That's all for this week. I'd really love comments about things I've missed or overlooked in relation to the ta'veren tug. Next week, as Metal Head requested, we'll take a closer look at Padan Fain and his role in the rest of the series.




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Gwenifer, I think you may have touched on something important. "When the bore is unmade."

 

We know that the DO, if he wins, plans to un-make the world, and he would presumably use the True Power to do this. So the True Power can be used to "unmake" things. And we know that Rand can access the True Power.

 

Conclusion: Rand could use the True Power to unmake the Bore, restoring the Dark One's prison to the same condition it was in before the Bore was made.

 

This also could tie in nicely with an earlier theory about there being a "Dark Callandor" or some other kind of sa'angreal for the True Power, and the body-swap theory.

 

So here's how this would work, briefly:

1. Rand, along with Callandor, Nynaeve, and Alivia, faces Moridin at Shayol Ghul. Moridin reveals his own sa'angreal.

 

2. They fight, it looks like Moridin might win. Then, somehow, the body swap happens. Moridin is now in Rand's damaged body, bleeding all over "the rocks of Shayol Ghul." He's now firmly under the control of Nynaeve and Alivia. Nynaeve and Alivia notice that something is wrong, but Nynaeve won't act to finish off Moridin because he looks like Rand. Alivia, however, sees what has happened, and finishes Moridin off when Nynaeve will not.

 

3. Rand, in Moridin's body, has unrestricted access to the TP, and a dark sa'angreal. He uses both to channel the TP, and un-make the bore itself, trapping Padan Fain inside, along with any remaining surviving Forsaken (though I doubt that any of them will survive).

 

4. Rand survives the Last Battle and lives out the rest of his life in Moridin's body.

 

Maybe. Or not.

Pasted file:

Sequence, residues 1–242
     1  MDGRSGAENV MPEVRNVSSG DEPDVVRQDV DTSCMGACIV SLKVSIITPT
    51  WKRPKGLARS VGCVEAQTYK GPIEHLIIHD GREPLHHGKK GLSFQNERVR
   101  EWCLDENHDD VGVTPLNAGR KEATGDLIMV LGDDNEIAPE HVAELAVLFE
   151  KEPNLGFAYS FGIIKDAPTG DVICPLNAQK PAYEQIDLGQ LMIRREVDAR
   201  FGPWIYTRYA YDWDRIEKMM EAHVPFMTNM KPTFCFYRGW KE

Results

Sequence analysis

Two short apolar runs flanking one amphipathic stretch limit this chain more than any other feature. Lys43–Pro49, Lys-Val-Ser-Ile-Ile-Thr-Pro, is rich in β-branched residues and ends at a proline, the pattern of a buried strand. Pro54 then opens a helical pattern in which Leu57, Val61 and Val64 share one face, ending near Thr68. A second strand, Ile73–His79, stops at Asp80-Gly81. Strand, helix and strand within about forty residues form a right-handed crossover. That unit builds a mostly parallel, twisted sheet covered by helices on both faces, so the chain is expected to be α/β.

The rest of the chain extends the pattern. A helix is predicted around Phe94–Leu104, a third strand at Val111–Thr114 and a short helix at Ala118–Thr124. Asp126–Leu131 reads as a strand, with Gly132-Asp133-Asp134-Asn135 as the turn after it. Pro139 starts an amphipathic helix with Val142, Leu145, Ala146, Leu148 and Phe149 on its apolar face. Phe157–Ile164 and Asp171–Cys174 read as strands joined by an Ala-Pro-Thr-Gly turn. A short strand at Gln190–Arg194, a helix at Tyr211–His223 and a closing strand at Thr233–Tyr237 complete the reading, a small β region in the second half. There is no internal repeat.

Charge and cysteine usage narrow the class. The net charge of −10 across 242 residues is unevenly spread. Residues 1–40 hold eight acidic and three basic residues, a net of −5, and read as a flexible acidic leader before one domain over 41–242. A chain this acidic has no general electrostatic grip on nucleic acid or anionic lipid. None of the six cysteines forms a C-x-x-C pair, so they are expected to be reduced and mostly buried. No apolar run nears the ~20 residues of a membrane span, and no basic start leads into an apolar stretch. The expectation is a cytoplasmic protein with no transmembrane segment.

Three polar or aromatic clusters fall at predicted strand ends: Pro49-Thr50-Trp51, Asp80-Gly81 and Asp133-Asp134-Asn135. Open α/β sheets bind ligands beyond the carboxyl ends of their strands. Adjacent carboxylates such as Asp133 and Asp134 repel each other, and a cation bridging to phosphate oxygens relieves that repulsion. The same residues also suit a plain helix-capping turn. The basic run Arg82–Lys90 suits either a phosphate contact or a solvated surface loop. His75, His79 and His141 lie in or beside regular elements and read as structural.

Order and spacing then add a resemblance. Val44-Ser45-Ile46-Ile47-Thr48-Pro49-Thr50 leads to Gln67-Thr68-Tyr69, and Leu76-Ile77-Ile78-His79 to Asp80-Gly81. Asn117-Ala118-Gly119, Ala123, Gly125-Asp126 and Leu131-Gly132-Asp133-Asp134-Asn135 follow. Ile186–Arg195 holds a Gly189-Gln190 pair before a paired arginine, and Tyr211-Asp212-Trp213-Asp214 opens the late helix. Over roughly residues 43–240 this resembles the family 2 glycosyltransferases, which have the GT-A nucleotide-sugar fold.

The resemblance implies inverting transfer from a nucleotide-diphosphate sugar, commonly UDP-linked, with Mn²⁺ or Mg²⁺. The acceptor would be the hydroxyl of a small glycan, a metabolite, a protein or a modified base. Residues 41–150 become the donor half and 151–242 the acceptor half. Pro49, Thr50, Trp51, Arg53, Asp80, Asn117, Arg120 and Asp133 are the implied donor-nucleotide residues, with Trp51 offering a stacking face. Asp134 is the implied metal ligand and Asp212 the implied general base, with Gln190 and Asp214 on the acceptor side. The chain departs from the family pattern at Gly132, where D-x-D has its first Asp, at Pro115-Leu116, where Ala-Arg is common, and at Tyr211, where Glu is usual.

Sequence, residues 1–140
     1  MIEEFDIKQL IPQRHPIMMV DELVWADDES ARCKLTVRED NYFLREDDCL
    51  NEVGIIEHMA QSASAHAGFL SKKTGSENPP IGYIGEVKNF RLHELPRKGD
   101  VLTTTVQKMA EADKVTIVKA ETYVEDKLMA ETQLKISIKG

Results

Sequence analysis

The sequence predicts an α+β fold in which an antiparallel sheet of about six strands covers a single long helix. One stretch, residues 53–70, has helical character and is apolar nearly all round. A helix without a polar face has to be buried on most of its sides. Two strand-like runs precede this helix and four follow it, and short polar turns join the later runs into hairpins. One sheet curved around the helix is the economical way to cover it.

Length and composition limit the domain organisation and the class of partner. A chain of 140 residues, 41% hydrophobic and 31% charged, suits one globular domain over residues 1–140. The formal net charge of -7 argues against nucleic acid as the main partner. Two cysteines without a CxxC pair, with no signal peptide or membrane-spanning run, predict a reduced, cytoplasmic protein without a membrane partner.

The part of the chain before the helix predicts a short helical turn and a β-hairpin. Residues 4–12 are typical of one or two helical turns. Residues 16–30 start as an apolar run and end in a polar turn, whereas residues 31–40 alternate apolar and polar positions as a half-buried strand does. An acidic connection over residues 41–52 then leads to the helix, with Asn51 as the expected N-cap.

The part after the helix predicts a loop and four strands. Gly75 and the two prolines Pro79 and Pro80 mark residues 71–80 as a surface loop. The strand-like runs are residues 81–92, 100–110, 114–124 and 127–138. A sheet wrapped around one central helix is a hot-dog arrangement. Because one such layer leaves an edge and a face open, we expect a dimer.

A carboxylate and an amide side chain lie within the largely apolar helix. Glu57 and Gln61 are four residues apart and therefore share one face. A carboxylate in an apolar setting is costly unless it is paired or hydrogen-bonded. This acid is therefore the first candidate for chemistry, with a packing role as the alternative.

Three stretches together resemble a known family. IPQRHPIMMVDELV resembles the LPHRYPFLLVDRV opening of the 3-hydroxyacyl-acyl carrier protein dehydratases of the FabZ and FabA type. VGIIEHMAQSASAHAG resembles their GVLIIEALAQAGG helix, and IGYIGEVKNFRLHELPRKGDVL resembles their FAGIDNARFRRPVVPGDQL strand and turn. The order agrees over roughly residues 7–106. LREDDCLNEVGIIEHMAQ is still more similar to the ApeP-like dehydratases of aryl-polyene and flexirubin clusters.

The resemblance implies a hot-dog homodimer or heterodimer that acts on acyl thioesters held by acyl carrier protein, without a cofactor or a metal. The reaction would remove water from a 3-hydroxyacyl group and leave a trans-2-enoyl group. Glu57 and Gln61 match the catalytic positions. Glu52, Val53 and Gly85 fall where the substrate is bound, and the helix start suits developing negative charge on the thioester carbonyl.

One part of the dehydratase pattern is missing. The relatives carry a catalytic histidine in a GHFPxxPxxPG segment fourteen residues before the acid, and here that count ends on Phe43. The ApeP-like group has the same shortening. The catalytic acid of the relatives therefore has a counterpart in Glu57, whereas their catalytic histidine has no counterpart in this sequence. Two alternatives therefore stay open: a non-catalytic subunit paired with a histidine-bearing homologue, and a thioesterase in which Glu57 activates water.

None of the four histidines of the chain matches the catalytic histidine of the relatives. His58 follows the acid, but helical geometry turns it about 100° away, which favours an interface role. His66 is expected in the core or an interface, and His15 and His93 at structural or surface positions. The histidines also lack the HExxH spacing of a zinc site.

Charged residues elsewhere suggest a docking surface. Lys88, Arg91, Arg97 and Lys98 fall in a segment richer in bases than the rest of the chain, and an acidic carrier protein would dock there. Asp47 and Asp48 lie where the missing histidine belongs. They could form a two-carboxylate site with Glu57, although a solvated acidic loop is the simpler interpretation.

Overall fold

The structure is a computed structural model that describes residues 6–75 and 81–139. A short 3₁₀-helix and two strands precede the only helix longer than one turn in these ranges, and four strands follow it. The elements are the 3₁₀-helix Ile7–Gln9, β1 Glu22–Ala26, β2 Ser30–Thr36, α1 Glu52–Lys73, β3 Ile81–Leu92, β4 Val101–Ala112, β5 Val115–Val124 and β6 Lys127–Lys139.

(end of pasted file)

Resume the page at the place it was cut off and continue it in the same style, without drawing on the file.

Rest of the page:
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In my opinion, the reaction to this particularly large pull was probably a combination of several things. Perrin's sense of duty perhaps could have taken effect, but as you yourself said he already had a valid reason to go, which outweighed the reasons to stay. I think it was a combination of how new they were to the powers, the simple force of Rand's tavern, nd finnally distance. As stated several times throughout the series the power of saiden/saidar was greatly reduced at distances, it would seem logical that the wheel, or the thread of the wheel that represented Rand althor would also lose potency at a distance. The obvious question to follow this train of thought would be why then did not the pulling increase as distance closed? The answer is simple.. there was no need for it to. By that time it had already accomplished its task.

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Metal Head,

 

Though the question of how to get rid of the bore is the WoT greatest mistery, I'm not a fan of the TP option. There are a few points: first, while "unmaking" the world means annihilating it, in relation to the bore it would be something else - there is already an emptyness, the Pattern needs to get healed, recreated, sewn or whatever. Second, why would the TP stop the DO? Do you mean using Fain as a buffer which will push him away? If so, Rand could simply use the OP. But, like yours, these are only my thoughts :) And I personally don't wont to see Rand use the TP anymore. What is more, if he has access to the Light now, he doesn't need to. By the way, isn't the ability - or the permission - to channel the TP tied to one's soul, not the body? If so, Rand wouldn't obtain it by possessing Moridin's body.